Jordan Takes a Disappointing Turn Toward Censorship
We knew it would happen. After months of anticipation, Jordanian authorities have initiated a ban on news sites that have not yet registered and been licensed by the Press and Publications Department, effectively blocking more than 300 news websites. According to local media organization 7iber (which means “ink” in Arabic):
The mandatory registration was enacted as part of amendments made to the Press and Publications Law back in September 2012, which spurred controversy due to its various articles that have been deemed as a government-led effort to restrict free speech online. The amendments included articles that would hold online news sites accountable for the comments left by their readers, prohibiting them from publishing comments that are deemed “irrelevant” or “unrelated” to the article – a restriction that caused several prominent sites to turn off their comments sections. Online news sites would also be required to archive all comments left on their servers for at least six months.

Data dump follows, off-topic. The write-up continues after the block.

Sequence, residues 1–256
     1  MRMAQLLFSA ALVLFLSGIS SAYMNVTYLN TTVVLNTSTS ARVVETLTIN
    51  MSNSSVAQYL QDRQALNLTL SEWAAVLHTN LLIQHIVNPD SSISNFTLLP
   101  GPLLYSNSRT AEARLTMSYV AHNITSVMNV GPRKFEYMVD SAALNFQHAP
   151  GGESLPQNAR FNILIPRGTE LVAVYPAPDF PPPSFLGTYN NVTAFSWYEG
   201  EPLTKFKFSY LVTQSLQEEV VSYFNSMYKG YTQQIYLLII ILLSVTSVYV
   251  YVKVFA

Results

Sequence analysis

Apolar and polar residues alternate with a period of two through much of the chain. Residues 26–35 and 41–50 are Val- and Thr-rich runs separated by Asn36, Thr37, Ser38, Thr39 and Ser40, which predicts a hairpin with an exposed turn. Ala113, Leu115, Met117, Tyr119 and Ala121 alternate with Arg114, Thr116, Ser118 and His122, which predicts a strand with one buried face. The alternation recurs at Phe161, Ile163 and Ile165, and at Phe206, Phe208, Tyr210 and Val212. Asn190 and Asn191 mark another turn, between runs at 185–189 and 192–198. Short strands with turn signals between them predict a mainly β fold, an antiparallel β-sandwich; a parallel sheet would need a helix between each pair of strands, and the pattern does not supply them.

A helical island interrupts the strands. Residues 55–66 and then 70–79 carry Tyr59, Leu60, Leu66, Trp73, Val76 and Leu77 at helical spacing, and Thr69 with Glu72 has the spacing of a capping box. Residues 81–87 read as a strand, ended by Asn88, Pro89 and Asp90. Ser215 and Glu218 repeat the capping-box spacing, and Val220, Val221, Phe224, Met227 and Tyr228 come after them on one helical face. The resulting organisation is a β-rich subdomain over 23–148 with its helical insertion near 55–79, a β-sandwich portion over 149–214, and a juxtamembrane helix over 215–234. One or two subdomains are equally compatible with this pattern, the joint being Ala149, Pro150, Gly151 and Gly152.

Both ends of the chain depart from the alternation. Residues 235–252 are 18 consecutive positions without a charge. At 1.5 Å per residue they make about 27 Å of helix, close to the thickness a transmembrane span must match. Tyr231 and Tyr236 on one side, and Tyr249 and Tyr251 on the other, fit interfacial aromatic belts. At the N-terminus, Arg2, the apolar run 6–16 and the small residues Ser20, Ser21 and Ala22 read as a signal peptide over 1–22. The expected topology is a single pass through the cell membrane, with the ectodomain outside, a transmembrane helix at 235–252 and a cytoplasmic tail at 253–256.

Last year, 7iber was one of many websites to protest against the amendment to the Press and Publications law and other efforts to censor the Internet by participating in a SOPA-style blackout dubbed #blackoutJO.
The implementation of the ban takes place just after Jordan’s hosting of both the International Press Institute World Congress and the World Economic Forum, leading some to suspect authorities waited, assuming less global scrutiny. But as we wrote last week, local activists aren’t about to let this go without a fight.
EFF will be watching closely and working with our friends in Jordan to fight back, but in the meantime, Jordanians should be aware of their options for bypassing censorship. Authorities are using DNS blocking, which can be easily circumvented by switching to either Google’s DNS servers or by using a service like OpenDNS.